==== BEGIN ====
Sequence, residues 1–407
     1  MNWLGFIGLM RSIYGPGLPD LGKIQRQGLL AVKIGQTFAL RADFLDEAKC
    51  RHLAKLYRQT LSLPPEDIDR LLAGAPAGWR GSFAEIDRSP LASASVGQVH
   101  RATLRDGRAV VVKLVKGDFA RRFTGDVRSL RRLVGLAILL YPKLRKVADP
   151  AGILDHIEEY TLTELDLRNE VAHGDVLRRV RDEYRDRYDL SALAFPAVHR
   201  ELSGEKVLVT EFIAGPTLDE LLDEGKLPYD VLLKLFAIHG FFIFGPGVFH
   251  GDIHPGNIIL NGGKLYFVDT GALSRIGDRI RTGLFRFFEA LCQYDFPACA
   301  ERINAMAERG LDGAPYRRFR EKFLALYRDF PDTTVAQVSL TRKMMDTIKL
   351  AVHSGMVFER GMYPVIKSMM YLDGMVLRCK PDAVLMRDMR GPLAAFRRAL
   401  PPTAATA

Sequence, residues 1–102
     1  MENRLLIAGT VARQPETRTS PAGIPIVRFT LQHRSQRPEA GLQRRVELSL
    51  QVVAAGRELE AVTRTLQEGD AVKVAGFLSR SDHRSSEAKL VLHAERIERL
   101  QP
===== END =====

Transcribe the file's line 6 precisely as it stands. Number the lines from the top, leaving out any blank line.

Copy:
   201  ELSGEKVLVT EFIAGPTLDE LLDEGKLPYD VLLKLFAIHG FFIFGPGVFH